Postdoctoral Position: Evolution of Circadian Rhythms and Photoperiodism
Vanderbilt University, Nashville, USA: Laboratory of Dr. Carl Hirschie Johnson
The Position: Dr. Johnson is seeking a highly motivated postdoctoral fellow to study the evolution of circadian (daily) clocks and photoperiodism in bacteria by experimental and bioinformatics methods, including the use of an innovative experimental evolution approach.
Background: The field of circadian clocks received the Nobel Prize in Physiology or Medicine in 2017 for its progress towards understanding the mechanism of circadian oscillators. While these biological clocks display conserved properties from bacteria (especially cyanobacteria) to fungi, plants, insects, and vertebrates (including humans, of course), practically nothing is known about their evolution or about the selective pressure(s) that led to the evolution of these fascinating biological timekeepers. The laboratory of Dr. Johnson led the discoveries of circadian clocks in bacteria, in particular major contributions to the mechanism of the circadian system in cyanobacteria. Moreover, Dr. Johnson’s laboratory is the major (and practically the only) laboratory that has provided experimental support for the fitness advantage of circadian clocks (see PMCID: PMC21132, PMID:15324665, and PMCID: PMC3633149).
The Project: Inspired by studies from other laboratories of bacterial experimental evolution to relatively simple selective pressures, the Johnson Laboratory has undertaken an experimental evolution approach using E. coli (that does not exhibit circadian phenomena) under a variety of rhythmic environmental regimes to evolve clock-like behavior. This experimental evolution has been conducted for eight years by the technician in the laboratory, and is now exhibiting interesting phenotypes that need a conscientious and motivated postdoctoral fellow to characterize and analyze. The methodology will include genetic/bioinformatic methods (genome sequencing, analysis of adaptive mutations, RNAseq, etc.), physiological/imaging methods (to most fully characterize phenotypes using luminescent and/or fluorescent reporters), proteomic methods (analyzing gene expression patterns), and metabolomic methods (temporal changes in metabolism in response to rhythmic environments).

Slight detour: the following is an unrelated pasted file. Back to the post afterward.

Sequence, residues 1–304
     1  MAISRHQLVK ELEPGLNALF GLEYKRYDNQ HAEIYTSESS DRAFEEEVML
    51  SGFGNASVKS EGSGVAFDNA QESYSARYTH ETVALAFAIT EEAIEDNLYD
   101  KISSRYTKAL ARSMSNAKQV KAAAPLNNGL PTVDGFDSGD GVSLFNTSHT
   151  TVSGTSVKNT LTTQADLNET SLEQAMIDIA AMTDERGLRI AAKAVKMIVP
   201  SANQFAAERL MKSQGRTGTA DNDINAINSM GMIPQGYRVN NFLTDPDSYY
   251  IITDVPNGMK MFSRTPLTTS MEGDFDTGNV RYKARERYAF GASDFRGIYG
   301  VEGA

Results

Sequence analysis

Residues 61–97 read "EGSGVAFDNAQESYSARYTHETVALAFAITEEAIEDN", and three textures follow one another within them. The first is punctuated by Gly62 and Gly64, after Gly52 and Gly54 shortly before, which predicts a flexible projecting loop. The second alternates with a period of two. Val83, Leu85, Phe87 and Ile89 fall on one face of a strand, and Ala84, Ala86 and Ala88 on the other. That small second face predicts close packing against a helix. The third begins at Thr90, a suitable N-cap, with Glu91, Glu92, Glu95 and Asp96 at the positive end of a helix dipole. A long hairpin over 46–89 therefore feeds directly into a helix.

In addition to the experimental evolution project, the candidate will also be involved in analyses of the adaptive significance and mechanism of biological timekeeping in purple bacteria and cyanobacteria (see PMCID: PMC4794148). For an overall introduction to these research questions, see our review in Nature Reviews in Microbiology (PMCID: PMC5696799).
The Candidate: The ideal candidate has strong motivation and should ideally be driven by a passion for evolutionary biology. Expertise in genetic technology with bacteria and bioinformatics is a plus. The position requires the ability to independently take responsibility for the project, as well as strong teamwork & communication skills, problem-solving abilities, reliability, and effective time management.
Research environment and location: There are excellent facilities and collaborations available within the Vanderbilt University system, including other laboratories that study circadian clocks (e.g., the labs of Doug McMahon, Terry Page, and Beth Malow) and evolutionary biology in microbes (e.g., the labs of Antonis Rokas, Seth Bordenstein, Megan Behringer, and Ann Tate). Nashville is an exciting city with a relatively low cost of living and many artistic opportunities (especially music) as well as close proximity to nature.
For more information about my laboratory and our publications, see our website: http://www.cas.vanderbilt.edu/johnsonlab/
Interested applicants should contact Dr. Carl Johnson at: email@example.com. Please send a CV, your research interests, and a list of at least three referees.Read the full article at: http://www.cas.vanderbilt.edu/johnsonlab/